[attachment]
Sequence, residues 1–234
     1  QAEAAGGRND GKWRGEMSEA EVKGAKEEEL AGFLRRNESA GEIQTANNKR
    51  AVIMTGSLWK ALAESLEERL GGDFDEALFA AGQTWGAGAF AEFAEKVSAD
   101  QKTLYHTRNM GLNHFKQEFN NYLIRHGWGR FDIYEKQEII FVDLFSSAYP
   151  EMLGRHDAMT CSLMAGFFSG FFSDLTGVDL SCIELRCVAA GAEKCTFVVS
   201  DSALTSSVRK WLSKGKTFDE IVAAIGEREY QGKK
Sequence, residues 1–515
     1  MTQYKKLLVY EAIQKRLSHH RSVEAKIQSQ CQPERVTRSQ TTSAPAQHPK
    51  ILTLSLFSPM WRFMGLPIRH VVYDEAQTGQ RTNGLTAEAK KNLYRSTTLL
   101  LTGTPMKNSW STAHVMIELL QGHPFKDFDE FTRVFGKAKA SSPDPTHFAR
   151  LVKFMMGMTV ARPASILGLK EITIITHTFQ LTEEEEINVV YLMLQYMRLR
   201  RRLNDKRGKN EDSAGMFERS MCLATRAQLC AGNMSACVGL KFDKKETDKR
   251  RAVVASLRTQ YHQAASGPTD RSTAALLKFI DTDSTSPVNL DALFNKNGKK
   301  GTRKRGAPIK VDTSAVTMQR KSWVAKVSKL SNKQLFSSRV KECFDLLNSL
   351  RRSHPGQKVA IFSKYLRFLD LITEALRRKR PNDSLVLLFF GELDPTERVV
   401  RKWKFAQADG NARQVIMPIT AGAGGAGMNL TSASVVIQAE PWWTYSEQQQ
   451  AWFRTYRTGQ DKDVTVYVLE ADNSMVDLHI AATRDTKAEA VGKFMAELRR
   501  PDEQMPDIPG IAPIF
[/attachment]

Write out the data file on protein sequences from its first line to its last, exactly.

Sequence, residues 1–234
     1  QAEAAGGRND GKWRGEMSEA EVKGAKEEEL AGFLRRNESA GEIQTANNKR
    51  AVIMTGSLWK ALAESLEERL GGDFDEALFA AGQTWGAGAF AEFAEKVSAD
   101  QKTLYHTRNM GLNHFKQEFN NYLIRHGWGR FDIYEKQEII FVDLFSSAYP
   151  EMLGRHDAMT CSLMAGFFSG FFSDLTGVDL SCIELRCVAA GAEKCTFVVS
   201  DSALTSSVRK WLSKGKTFDE IVAAIGEREY QGKK
Sequence, residues 1–515
     1  MTQYKKLLVY EAIQKRLSHH RSVEAKIQSQ CQPERVTRSQ TTSAPAQHPK
    51  ILTLSLFSPM WRFMGLPIRH VVYDEAQTGQ RTNGLTAEAK KNLYRSTTLL
   101  LTGTPMKNSW STAHVMIELL QGHPFKDFDE FTRVFGKAKA SSPDPTHFAR
   151  LVKFMMGMTV ARPASILGLK EITIITHTFQ LTEEEEINVV YLMLQYMRLR
   201  RRLNDKRGKN EDSAGMFERS MCLATRAQLC AGNMSACVGL KFDKKETDKR
   251  RAVVASLRTQ YHQAASGPTD RSTAALLKFI DTDSTSPVNL DALFNKNGKK
   301  GTRKRGAPIK VDTSAVTMQR KSWVAKVSKL SNKQLFSSRV KECFDLLNSL
   351  RRSHPGQKVA IFSKYLRFLD LITEALRRKR PNDSLVLLFF GELDPTERVV
   401  RKWKFAQADG NARQVIMPIT AGAGGAGMNL TSASVVIQAE PWWTYSEQQQ
   451  AWFRTYRTGQ DKDVTVYVLE ADNSMVDLHI AATRDTKAEA VGKFMAELRR
   501  PDEQMPDIPG IAPIF